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Boko Haram

'They beat me with an electric cable, while throwing water on me at the same time'

People accused of supporting Boko Haram are being brutally tortured in Cameroon.

The Baka people in Cameroon Group of Baka people in the village of Mayos, Cameroon. Ngala Chimto Ngala Chimto

Warning: Some people may find details in this article distressing

A REPORT RELEASED today documents the atrocities being carried out in Cameroon.

Boko Haram is a militant Islamic group, based in Nigeria, whose aim is to institute Sharia (Islamic law).

Hundreds of people in the country accused of supporting Boko Haram, often without evidence, are being brutally tortured by security forces, according to a new Amnesty International report.

The report – ‘Cameroon’s secret torture chambers: human rights violations and war crimes in the fight against Boko Haram’ – documents 101 cases of incommunicado detention and torture between 2013 and 2017, at over 20 different sites.

Boko Haram believes in a version of Islam which forbids Muslims to take part in any political or social activities associated with Western society.

Abductions and assaults

Researchers estimate that Boko Haram has killed over 1,500 civilians in Cameroon since 2014, and abducted many others.

“They asked me to tell them if I knew members of Boko Haram – that’s when the guard tied my hands and feet behind my back and started to beat me with an electric cable, while throwing water on me at the same time,” Samou, who was arrested in March 2016, told Amnesty.

Victims described at least 24 torture methods they were subjected to.

In one common method – described as ‘the goat’ – detainees had their limbs tied together behind their back before they were beaten.

The majority of victims were tortured in two unofficial detention sites, the headquarters of the Rapid Intervention Batallion (BIR) in Salak, and a facility in the capital Yanoundé, run by the General Directorate of External Research (DGRE), Cameroon’s intelligence services.

Refugees in Nigeria Female Nigerian refugees and their children at a refugee camp in Cameroon. Ngala Killian Chimtom Ngala Killian Chimtom

In Salek, there are two main cells measuring just 9 by 5 metres – each containing up to 70 people.

Detainees were usually tortured in an interrogation room they called ‘the DGRE room’, located near the office of a senior officer. The officer was described by victims as providing orders to interrogators, and by one victim as being able to “decide the life and death of each detainee”.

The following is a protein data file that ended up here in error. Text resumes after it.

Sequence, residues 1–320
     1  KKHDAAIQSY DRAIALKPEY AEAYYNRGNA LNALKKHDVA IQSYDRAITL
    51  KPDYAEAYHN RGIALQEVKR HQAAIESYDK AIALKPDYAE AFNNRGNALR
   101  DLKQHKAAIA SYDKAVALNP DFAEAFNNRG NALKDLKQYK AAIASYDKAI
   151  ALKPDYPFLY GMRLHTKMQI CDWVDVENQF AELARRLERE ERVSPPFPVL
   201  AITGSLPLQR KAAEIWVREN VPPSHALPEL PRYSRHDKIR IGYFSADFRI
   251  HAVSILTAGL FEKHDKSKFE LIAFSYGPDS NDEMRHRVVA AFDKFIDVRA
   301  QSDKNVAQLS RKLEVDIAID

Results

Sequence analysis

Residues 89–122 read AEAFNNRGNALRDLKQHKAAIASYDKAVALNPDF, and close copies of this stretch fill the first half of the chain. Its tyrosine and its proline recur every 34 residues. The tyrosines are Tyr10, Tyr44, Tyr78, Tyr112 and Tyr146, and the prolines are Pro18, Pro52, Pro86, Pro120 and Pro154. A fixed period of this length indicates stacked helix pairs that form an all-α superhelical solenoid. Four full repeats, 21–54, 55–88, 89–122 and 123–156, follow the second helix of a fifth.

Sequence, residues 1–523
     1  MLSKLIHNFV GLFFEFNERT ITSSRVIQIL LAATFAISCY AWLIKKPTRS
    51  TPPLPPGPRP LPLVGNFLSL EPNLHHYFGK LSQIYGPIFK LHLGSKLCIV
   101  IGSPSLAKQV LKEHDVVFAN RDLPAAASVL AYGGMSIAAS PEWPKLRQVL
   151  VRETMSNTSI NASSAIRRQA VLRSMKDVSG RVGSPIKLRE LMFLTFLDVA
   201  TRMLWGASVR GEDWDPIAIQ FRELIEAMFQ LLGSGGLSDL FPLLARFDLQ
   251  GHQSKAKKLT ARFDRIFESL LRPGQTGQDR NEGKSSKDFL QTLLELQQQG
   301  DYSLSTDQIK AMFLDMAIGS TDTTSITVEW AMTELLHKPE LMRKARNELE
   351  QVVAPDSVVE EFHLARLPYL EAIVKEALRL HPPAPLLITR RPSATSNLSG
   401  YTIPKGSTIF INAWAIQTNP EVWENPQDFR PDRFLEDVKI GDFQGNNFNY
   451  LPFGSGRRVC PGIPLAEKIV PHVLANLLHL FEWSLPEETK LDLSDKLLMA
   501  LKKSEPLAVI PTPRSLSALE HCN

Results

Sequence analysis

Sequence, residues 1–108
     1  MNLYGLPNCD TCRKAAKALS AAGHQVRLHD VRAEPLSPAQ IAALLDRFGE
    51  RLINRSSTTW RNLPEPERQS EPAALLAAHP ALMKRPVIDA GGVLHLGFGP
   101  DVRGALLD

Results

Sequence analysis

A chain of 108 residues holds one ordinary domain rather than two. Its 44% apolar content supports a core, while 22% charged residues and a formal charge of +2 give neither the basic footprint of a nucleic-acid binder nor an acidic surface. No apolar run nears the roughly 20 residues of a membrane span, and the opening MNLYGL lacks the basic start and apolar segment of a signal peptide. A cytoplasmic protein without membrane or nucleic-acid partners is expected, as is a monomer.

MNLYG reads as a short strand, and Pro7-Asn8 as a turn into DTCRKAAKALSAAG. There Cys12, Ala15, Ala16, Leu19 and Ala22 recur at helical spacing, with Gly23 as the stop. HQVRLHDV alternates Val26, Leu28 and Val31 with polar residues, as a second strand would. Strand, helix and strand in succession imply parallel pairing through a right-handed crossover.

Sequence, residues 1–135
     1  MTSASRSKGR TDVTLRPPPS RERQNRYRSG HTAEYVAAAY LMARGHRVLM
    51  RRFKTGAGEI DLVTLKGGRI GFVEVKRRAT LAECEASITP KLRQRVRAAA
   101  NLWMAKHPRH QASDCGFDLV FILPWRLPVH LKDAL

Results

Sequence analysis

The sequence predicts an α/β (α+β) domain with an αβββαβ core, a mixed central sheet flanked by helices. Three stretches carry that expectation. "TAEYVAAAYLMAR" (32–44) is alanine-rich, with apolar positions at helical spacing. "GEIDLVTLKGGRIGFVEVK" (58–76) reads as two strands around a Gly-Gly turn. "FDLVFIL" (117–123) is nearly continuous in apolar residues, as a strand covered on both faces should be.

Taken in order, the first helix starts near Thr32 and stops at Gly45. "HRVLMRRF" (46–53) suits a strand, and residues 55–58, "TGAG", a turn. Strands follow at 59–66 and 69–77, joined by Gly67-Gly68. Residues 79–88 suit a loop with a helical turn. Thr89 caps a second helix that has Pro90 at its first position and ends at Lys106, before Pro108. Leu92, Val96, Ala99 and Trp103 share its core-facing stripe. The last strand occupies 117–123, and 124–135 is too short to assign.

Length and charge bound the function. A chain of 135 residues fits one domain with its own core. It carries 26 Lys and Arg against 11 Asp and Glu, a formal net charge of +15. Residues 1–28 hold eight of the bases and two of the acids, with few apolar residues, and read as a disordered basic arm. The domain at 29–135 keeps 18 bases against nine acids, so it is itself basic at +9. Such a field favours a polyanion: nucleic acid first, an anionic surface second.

Mohamed, another detainee, spent six months in incommunicado detention. He was interrogated and tortured several times in Salek.

“The soldiers asked us to confess. They told us that if we did not confess, they would bring us to Yaoundé to kill us,” Mohamed told Amnesty.

“We replied that we preferred to be killed rather than to confess something that we didn’t know about. They beat us like this for four days.”

Beating blindfolded men

Researchers interviewed six men held and tortured at a school in the northern town of Fotokol, used as a military base by the BIR since 2014, and analysed a video showing uniformed soldiers torturing detainees.

In one scene, several soldiers are dragging a man for about 50 metres and beating other blindfolded men with sharp wooden sticks.

The school reopened for classes in late 2016, but as of June 2017 it was still being partially used by the BIR, and at least nine detainees were still there.

Refugee camp in Nigeria The Bakassi refugee camp in Maiduguri, Nigeria Sam Olukoya Sam Olukoya

US and French military awareness

Colm O’Gorman, executive director of Amnesty International Ireland, said they have “repeatedly and unequivocally condemned the atrocities and war crimes committed by Boko Haram in Cameroon”.

But, nothing could justify the callous and widespread practice of torture committed by the security forces against ordinary Cameroonians, who are often arrested without any evidence and forced to endure unimaginable pain.

“These horrific violations amount to war crimes.”

Amnesty noted the presence of US and French military personnel at the BIR base in Salek, and is calling on the governments to investigate the extent to which their personnel stationed at Salek may have been aware that illegal detention and torture was taking place.

“Given the frequent and possibly prolonged presence of their military personnel, the US government and other international partners should investigate the degree to which their personnel were aware of illegal detention and torture at the Salak base, and whether they took any measures to report it to their superiors and the Cameroonian authorities,” said O’Gorman.

Amnesty International wrote to the Cameroonian authorities in April 2017 to share the report’s findings, but no response was provided and all following requests for meetings were refused.

Read: Girls freed from Boko Haram will be cared for – Nigerian president

More: 82 girls kidnapped by Boko Haram in 2014 have been released

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